After reading the complete, updated post of this interview with Harvard professor emeritus & change thought leader John Kotter, I’m again reminded of the classic quote below:
A leader is most effective when people barely know he exists. When his work is done, his aim fulfilled, his troops will feel they did it themselves. ~ Lao-tzu
Imagine if new, agile, market savvy change happened that way.
There are many trends about change management that I imagine Dr. Kotter has seen in his long career. As I prepare for an Association of Change Management Practitioners conference next week, including editing new videos with change leaders, I wanted to share some of John Kotter’s materials here. Below is a bulleted, simplified excerpt, that highlights some common assumptions about how leaders approach change.
John Kotter, photo by Deb Nystrom, ACMP conference
The terms “letting go” and “letting come,” captured my imagination as Theory U arrived on scene several years ago. The compelling nature of the U model visual added to its allure.
The concepts that Theory U features are intended to help leaders and managers in the public and private sector break through unproductive patterns of behavior. This includes breaking through barriers of ignoring their own staff and clients wisdom and other maladies that produce ineffective patterns of decision making.
To understand innovation and entrepreneurship, listen to Saras Saravathy, Associate Professor – Darden School of Business, University of Virginia. She speaks on how to be successful in business, starting with “entrepreneurship is teachable.” She has also been featured on TEDxMidAtlantic.
Summary: In this session we explored the science and application of synchronicity and other means of meaning making. What is the place of synchronicity in how we facilitate change and transition? This session will explore how we help ourselves, and therefore help data from the field of existence emerge. Theory U is a tool, a method and way of seeing and facilitating change, which invites data to emerge through shared meaning making helping co-create and sustain the change process.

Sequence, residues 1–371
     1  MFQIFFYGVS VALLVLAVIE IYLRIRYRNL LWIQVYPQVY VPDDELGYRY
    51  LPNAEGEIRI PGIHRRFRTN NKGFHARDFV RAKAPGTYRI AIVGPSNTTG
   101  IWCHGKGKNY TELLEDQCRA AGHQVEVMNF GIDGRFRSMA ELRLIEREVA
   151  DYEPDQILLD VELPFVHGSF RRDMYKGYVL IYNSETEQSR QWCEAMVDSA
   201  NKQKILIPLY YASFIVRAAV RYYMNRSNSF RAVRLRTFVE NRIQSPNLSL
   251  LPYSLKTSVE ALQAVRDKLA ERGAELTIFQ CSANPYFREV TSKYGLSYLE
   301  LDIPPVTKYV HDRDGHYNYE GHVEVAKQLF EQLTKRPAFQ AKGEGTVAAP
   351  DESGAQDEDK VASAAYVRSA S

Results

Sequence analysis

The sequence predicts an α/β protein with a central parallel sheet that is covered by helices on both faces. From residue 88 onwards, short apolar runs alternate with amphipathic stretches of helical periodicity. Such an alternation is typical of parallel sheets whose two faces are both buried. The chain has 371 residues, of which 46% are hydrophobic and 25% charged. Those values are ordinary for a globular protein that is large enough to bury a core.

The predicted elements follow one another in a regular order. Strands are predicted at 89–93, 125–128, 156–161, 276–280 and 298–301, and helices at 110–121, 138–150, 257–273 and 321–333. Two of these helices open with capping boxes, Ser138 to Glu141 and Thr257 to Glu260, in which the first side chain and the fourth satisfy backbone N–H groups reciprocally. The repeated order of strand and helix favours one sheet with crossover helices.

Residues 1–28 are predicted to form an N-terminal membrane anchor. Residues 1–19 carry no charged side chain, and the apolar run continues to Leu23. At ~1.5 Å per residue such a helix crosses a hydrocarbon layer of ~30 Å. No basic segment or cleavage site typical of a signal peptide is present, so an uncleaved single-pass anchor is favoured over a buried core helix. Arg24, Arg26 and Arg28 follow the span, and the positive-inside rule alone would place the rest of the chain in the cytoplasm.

What is Theory U?
Its originator, Otto Scharmer, says it is three things. It is a:
1) Framework describing a change process.
2) Method for effecting change personally and organizationally, in communities and globally.
3) Description of phenomena in the world – what is naturally happening.
Participants will be able to:
Define the concept of synchronicity
Identify C.G. Jung’s role in developing the principle
Understand how Theory U helps data to emerge
Engage groups to create shared meaning referencing Theory U
Understand how shared meaning influences change processes
If the concept of synchronicity is unfamiliar, we highly recommend reading:
Synchronicity: An Acausal Connecting Principle by C.G. Jung or
The 7 Secrets of Synchornicity (Your Guide to Finding Meaning in Signs Big and Small) by Trish and Rob MacGregor
Here are the updated blog links to read more about what we covered in the session:
I ran across an intriguing title today in the news entitled, “How to be Great: Rising Above the Talent Myth.” The you-can-be-anything citations are pervasive. They create an economy of self-help seminars, books, academies, and certainly generate a lot of revenue in leadership coaching arenas.
In my case, I used a sheet of flipchart paper to list three major categories. Then do a quick brainstorm to list all your present business work via post-it notes, or use a spreadsheet. It is then easy to review your activities by grouping them in categories or simply the use the big three: strategic, tactical and operational.
Is strategic planning losing its seat at the table due to the need for speed? There’s ample evidence that, no matter how much analysis and planning , strategic planning is inherently flawed, quickly out of date, and rendered ineffective due to slow and incomplete execution.
A phrase that is gaining traction is strategic agility. For context, consider Wall Street Journal writers Joann Lublin and Dana Mattioli reports that current, recession-based business forecasts did not hold true. Executives learned that strategic planning was more limited in effectiveness than before.
Choosing a collegeis a big decision. It seems to me that students who choose to pursue an education after high school often look at college as the only option in reaching that goal. The truth is the decision to attend college should be a strategic choice made because it is the best path to reach one’s ambitions.